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India, that is Bharat, shines
It’s India’s time to shine! Two events stood out recently showcasing our status. Firstly, India’s G20 Presidency concluded with unanimous endorsement of the policy of using digital public infrastructure to advance financial inclusion. The G20 Global Partnership for Financial Inclusion (GPFI) report prepared by the World Bank with inputs from the Ministry of Finance and the RBI is a stellar and comprehensive report with use cases, policy recommendations, global case studies and also covers risks and challenges ahead. The GPFI Financial Inclusion Action Plan 2024-26 has set two priority areas - digital financial inclusion and improving access to finance for MSME- calling out key issues like customer protection, creating responsible ecosystems, promoting accessible and affordable financial services for women and other underserved groups.
Secondly, the Global Fintech Fest 2023 brought together all the stars of India’s digital financial ecosystem on the stage in Mumbai, with a record number of participants exceeding 65,000, and reportedly deals of more than USD 2billion were struck on the sidelines. In August, UPI transactions crossed 10 billion for the first time and the NPCI launched new initiatives at the GFF – instant credit on UPI, UPI LiteX for offline payments, UPI Tap and Pay for contactless payments and Hello!UPI for voice-based transactions – all these are aimed at expanding the user base by meeting specific needs of different segments across the country.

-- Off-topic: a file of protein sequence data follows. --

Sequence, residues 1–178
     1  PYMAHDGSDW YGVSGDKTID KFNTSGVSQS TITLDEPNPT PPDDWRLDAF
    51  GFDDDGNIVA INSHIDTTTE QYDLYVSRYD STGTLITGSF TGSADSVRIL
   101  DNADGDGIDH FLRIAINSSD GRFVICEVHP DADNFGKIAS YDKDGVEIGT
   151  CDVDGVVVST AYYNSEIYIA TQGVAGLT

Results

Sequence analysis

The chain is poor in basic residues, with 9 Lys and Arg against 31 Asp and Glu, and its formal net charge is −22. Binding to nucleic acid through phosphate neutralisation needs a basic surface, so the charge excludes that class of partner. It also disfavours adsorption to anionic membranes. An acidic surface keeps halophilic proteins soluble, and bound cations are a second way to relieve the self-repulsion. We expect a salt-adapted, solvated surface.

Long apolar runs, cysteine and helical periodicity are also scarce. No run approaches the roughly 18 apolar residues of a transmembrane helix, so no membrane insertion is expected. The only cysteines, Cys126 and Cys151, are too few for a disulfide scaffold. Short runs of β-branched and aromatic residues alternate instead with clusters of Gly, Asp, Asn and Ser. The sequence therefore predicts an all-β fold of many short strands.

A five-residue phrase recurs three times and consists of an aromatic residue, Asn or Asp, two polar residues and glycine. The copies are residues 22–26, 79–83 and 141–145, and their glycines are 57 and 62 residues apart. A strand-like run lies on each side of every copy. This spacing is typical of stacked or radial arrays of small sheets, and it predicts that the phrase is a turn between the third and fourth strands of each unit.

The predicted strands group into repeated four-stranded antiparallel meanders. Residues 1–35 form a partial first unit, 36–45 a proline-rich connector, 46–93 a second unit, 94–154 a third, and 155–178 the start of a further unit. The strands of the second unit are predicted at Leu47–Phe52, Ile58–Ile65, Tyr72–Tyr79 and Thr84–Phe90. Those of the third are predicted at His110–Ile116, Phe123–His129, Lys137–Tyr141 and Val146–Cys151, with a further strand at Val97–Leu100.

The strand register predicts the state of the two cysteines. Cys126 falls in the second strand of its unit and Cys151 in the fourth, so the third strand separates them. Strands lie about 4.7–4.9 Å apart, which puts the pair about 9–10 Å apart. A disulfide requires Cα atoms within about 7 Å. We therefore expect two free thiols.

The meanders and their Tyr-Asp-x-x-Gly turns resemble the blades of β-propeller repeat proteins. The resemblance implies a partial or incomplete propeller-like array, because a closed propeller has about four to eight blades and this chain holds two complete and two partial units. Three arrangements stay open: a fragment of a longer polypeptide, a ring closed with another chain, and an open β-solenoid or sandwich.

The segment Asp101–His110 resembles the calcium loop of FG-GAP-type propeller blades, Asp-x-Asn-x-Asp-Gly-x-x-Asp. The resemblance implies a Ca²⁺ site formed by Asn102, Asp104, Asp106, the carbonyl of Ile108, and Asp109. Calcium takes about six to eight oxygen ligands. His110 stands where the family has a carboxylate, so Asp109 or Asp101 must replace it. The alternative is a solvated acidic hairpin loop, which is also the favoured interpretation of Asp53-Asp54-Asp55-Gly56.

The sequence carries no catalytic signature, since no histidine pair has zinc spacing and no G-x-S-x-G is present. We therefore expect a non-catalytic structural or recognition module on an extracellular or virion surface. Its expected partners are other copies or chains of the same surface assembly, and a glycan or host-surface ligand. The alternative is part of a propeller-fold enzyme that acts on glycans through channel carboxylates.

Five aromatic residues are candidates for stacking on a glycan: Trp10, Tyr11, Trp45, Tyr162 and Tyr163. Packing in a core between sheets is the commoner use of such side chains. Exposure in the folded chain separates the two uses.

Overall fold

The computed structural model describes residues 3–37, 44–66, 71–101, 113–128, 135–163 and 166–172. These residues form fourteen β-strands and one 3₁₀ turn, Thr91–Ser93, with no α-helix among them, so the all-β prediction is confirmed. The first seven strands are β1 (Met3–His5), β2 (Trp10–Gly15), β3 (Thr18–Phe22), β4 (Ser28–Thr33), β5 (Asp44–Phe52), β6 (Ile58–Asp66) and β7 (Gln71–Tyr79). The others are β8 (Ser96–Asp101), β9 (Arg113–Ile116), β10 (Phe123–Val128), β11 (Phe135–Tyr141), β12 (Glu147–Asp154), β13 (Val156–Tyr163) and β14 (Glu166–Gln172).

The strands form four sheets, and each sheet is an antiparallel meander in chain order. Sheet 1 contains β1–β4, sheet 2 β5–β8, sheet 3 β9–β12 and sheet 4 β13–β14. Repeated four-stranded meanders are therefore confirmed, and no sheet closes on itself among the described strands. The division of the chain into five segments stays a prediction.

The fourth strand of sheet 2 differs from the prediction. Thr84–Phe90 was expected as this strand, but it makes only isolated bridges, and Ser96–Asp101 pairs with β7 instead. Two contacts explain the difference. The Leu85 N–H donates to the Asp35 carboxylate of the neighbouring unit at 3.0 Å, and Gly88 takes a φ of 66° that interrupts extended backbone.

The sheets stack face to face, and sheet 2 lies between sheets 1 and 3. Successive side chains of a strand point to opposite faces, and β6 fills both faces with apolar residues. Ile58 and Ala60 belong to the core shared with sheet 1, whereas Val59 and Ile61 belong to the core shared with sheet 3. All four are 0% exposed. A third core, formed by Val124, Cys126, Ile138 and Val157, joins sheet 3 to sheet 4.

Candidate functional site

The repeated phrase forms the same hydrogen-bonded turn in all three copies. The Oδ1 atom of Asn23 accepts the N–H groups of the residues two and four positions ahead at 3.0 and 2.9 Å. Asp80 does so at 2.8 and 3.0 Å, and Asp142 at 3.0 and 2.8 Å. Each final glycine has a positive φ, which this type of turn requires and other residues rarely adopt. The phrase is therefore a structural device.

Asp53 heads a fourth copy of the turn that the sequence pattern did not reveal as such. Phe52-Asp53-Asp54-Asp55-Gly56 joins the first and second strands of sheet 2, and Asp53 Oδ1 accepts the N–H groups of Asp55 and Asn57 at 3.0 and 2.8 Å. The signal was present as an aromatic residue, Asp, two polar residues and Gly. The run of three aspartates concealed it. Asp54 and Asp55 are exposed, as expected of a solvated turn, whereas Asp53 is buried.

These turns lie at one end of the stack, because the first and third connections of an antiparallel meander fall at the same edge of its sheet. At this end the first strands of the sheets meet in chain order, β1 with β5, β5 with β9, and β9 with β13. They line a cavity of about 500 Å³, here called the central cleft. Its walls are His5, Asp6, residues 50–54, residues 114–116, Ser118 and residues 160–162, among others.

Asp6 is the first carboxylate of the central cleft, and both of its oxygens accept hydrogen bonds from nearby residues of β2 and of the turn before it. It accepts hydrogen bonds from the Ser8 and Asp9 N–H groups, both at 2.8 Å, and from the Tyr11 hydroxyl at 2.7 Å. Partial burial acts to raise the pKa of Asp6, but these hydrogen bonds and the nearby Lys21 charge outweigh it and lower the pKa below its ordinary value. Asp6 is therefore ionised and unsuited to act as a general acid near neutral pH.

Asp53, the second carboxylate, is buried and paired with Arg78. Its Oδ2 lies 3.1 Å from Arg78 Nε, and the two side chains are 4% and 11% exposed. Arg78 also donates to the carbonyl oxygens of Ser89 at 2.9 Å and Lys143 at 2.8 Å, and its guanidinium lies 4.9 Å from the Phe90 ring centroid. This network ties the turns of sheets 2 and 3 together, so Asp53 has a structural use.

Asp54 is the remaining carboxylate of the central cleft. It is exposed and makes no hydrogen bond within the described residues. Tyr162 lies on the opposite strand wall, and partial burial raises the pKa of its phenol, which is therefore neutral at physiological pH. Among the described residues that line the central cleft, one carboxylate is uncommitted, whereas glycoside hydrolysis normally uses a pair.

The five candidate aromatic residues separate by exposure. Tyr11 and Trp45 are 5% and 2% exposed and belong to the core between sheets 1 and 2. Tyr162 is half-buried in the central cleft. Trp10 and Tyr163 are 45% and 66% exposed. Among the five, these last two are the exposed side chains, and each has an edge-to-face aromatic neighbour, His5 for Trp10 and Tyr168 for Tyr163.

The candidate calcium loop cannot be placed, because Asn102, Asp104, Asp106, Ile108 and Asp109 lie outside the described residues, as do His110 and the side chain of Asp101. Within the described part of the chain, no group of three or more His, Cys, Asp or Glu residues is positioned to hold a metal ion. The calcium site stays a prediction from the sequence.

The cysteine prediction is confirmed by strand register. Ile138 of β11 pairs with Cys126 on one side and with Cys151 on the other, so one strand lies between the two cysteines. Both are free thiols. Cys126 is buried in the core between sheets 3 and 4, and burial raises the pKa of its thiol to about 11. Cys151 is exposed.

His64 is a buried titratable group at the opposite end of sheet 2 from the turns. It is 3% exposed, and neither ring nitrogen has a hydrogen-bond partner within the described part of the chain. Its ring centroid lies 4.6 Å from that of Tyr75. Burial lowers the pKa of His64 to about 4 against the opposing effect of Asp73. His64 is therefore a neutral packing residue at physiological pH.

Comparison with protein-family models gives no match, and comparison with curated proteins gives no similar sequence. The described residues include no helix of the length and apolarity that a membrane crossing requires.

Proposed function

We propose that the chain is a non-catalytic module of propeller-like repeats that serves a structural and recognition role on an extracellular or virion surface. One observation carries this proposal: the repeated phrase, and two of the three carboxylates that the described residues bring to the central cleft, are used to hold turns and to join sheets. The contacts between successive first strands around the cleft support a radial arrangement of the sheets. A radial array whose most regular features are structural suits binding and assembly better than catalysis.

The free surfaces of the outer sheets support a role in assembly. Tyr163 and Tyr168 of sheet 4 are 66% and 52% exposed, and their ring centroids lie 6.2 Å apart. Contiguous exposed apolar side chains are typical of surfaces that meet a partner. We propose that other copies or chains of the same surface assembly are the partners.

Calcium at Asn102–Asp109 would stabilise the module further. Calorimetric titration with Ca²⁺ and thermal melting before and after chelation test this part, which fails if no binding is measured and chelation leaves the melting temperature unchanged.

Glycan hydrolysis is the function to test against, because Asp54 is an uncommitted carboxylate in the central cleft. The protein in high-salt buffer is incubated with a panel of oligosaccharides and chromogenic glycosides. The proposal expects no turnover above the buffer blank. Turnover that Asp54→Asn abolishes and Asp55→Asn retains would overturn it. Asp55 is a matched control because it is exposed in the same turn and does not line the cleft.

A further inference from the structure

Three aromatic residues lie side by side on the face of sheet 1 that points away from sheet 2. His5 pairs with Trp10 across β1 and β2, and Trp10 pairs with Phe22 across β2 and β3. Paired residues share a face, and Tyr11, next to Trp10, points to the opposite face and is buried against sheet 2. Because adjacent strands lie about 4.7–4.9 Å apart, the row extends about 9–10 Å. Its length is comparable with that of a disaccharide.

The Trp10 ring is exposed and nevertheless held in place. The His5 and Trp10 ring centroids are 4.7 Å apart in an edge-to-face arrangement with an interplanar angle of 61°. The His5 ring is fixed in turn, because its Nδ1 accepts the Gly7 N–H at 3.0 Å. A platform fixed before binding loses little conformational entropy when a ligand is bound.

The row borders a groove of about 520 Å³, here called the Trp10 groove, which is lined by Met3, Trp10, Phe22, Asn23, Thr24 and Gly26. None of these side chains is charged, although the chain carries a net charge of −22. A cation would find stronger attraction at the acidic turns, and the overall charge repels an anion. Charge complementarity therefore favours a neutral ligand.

In his speech at the GFF, the RBI Governor lauded the progress so far, and struck a note of caution by bringing up three key areas that the industry needs to pay attention to - customer centricity, governance, and self-regulation – all of which are critical for a stable and healthy sector that truly benefits the public at large.